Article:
JE: Well until you express that you're against the war and you hate the president for what he's done to you and your friends and the whole entire planet, they typically treat you like a hero. But then again there's been a shift in the almost two years since I've been out of the Army and got back home. We've been very vocal between us three in our opposition to the war since we've been out. Whereas two years ago it was like, ‘I think you guys are traitors, I respect your freedom of speech but I think you're wrong.’ Compare that to today where people are like, ‘You're totally right, we need to get those troops home.’
FL: How do you feel that you are different from other anti-war activists?
JE: I think that maybe veterans have a little more clout, in a sense. Any movement in American history has been greatly influenced by veterans of any war. Look at Vietnam for instance and the Vietnam era. Had it not been for veterans, had it not been for soldiers in ranks actually shutting down the war machine—soldiers in revolt, basically—had it not been for them, that war might have continued for another ten years.
FL: What has been IVAW's approach to ending the war? What do you think is necessary?
JE: There is a huge disconnect in this country in the fact that 1.5 percent of this country has fought in the ‘war on terror.’ Roughly one and a half million soldiers. I'd say apathy is still a huge part of what's going on, what's the problem with the movement. Not the people in the movement itself, but where's the support for this kind of sentiment going to come from? I don't know, maybe until it reaches more everyday-Americans’ lives that this war is going to be devastating for us all. I've heard some advice from some guys I know who were in the civil rights movement and they were involved in anti-war activism in the 60s. They've been harping on me to get it out there, to let it be known that we need to reach out to the soldiers themselves. If you know a National Guard base near your house, you need to go out and actually meet these people and tell them, ‘Hey, we support you. We understand there’s a difference between supporting the war and supporting the troops and we’re telling you right now we oppose the war and support the troops.’ We need to reach these soldiers and help them in any way we can. I think right now there's probably a lot of soldiers who feel they're on the margins, they're the only ones who are dealing with this. What was that story about the PFC?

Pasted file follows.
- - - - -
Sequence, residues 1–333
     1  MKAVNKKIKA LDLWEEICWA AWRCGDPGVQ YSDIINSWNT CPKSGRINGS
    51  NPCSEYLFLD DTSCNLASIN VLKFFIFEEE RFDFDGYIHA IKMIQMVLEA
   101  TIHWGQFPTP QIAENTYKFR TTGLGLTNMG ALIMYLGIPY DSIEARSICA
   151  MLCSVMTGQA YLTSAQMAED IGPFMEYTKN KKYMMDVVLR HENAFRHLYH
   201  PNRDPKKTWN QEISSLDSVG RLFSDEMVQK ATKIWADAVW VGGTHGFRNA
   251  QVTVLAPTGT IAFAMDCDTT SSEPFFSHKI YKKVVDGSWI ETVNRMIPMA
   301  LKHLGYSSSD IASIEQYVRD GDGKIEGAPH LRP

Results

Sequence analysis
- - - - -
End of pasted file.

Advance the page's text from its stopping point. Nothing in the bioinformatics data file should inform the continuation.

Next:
JH: There was a private first class and he was set to deploy for what I believe was his third time and the colonel was giving this speech. He made a comment about America being at war. And a younger soldier, a PFC or private, stood up in the audience and said, ‘Sir, America’s not at war. America's army is at war. America's at the mall.’
JE: That says it all right there.
JH: It's not like World War II. There's not any strains on the economy. There's not any rations here at home.
JE: It seems to me that there's a lot of people who oppose the war but not the reasons these wars are fought. Once we can end the reasons these wars are fought, which is basically for corporate profit, will we ever stop this war, will we ever stop the next war. We as citizens of this country, and as a world movement even, have to come to terms that the current system of capitalism is probably the cause, and will continue to be the cause, of these wars and poverty worldwide.
TC: We stopped the Vietnam War but we didn't stop the reasons it was created.
TC: We keep just treating the symptoms, as a doctor would say, and not treating the actual disease.
JE: War in the 20th and 21st centuries is like a malignant cancer that just keep coming back. I think most people feel uncomfortable when we say, ‘Perhaps your very lifestyle is the reason why these wars are being fought,’ but maybe it's true. The reason these wars are fought is for corporate profit and for the exploitation of natural resources in another country.
TC: You might no longer be able to buy Nikes if we actually end the reason the wars are created. And that's the problem: people like their fucking Nikes too much.
FL: What does your activism look like?